two millennials are barreling towards adulthood at 95 miles per hour. one of them has been coated with the most extravagant paint money can buy, but their steering apparatus is locked up until that coat’s paid off; the other’s breaks have been ripped out mid-trip, the thief yelling, “what, did you think you were entitled to these?” over their shoulder. half the tracks have been torn away to build second, third, and fifth garages for trains that are no longer running. solve for x.
tell me again how the song goes — i’m so inadequate i might forget. if we’re not informed enough then we’re apathetic morons, but if we’re too informed we’re oversensitive reactionaries; if we think we deserve more then we’re narcissistic cutthroats, but if we’re happy where we are then we’re passionless layabouts. if we’re making money then we’re materialistic automatons who only care about stuff and don’t value the important things in life, but if we’re broke then we’re disgusting, spoiled children who expect everything in life to be a handout. if we spend too much time with technology then we’re antisocial, soulless zombies who spell the end for human interaction as we know it, but if we spend too much time together we’re a dangerous, unstable element who should get real jobs already. we’re a disgrace; we’re a embarrassment; we’re a mistake; we’re a disappointment; we’re not what you wanted, however you slice it, and all of it’s our fault, right? right? oh, god, am i getting the melody wrong?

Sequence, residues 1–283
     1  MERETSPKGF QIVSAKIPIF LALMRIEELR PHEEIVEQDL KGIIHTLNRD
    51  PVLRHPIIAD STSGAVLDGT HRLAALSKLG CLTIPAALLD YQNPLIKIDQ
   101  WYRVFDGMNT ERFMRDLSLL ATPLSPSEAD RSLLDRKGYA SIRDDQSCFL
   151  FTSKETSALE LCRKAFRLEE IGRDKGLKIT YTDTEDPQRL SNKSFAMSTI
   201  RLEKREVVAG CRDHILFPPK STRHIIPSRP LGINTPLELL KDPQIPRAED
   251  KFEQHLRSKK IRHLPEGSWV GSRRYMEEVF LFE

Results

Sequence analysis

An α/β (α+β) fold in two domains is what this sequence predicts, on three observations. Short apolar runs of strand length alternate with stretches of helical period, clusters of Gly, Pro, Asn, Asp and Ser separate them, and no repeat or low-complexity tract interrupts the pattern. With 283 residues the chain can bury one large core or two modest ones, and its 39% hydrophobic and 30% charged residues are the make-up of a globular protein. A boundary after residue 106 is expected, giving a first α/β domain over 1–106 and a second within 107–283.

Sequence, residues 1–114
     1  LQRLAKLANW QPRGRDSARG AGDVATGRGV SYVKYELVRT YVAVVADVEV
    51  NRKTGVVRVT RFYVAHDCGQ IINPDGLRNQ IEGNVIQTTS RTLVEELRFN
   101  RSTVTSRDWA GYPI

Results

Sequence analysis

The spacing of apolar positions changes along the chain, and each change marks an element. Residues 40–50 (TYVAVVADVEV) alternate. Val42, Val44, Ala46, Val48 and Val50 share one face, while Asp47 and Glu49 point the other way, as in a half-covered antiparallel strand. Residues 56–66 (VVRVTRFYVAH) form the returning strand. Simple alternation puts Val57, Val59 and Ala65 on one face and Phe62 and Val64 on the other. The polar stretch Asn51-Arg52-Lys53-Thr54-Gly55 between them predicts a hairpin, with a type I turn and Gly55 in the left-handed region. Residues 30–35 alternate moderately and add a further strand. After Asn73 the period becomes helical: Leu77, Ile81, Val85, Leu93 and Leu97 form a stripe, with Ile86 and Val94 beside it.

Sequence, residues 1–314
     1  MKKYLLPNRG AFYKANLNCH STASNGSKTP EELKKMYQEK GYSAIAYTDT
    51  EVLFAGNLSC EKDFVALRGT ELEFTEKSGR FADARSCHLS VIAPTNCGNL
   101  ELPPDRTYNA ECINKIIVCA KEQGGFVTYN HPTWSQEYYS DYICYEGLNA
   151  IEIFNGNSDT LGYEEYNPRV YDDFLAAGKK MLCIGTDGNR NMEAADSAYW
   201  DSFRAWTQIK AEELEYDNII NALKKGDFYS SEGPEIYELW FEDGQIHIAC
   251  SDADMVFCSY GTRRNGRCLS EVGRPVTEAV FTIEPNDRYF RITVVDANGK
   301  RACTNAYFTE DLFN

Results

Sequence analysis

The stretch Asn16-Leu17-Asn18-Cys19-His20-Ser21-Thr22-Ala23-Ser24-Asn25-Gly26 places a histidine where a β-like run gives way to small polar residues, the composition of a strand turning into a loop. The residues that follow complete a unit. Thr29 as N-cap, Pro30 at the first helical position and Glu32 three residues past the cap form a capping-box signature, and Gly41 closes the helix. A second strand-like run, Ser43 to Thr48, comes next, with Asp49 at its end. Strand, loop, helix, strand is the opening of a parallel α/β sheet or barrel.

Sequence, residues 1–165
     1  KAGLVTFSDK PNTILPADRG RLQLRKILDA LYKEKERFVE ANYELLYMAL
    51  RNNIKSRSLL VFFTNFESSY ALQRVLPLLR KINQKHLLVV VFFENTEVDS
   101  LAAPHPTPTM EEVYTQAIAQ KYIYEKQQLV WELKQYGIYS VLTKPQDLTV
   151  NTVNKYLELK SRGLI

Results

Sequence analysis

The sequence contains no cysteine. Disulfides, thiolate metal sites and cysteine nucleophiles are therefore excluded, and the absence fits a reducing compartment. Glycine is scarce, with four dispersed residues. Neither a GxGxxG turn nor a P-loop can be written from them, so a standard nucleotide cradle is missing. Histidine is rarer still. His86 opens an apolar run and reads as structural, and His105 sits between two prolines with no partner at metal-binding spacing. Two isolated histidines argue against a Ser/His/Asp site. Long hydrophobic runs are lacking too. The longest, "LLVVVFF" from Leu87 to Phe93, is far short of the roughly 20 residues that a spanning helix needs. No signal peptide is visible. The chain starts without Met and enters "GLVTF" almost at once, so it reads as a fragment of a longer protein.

here’s what i propose, everyone who wants to open their twenty-four-hour news cycles or their pork-barrel mouths, who wants to use their filthy fucking hands to tear this generation a new one: you try it. you come up with a picture of the generation you seem to want: one that’s neither apathetic nor engaged, one that’s neither ambitious nor content, one that’s neither rich nor poor, one that’s neither technologically connected nor interpersonally involved. don’t forget to factor in the variables — the years of economic instability; the globalization of everything from communication to art; the hugely stratified individual experiences we’ve had based on things like race, sexuality, gender, and socioeconomics, on things that come with whole histories of systemic bullshit; the overwhelming burden of student debt that so many of us face; the fact that hindsight is 20/20. you write the formula for the millennial that will shut you the fuck up about all the things we should be and aren’t, about all the ways we’ve failed you, and then you bring it to me. i promise you, i will try it. anything for a little peace and quiet, right? anything to stop hearing it everywhere i go: that voice saying that, at twenty-three, i might already have flunked out of life.
(both millennials crash, spectacularly and yelling for help, into the station that never built a platform for them to pull into. onlookers stand by and shake their heads, wondering about the deplorable state of trains today. that’s what happens when nobody does the fucking math.)
Twerk your way to freedom.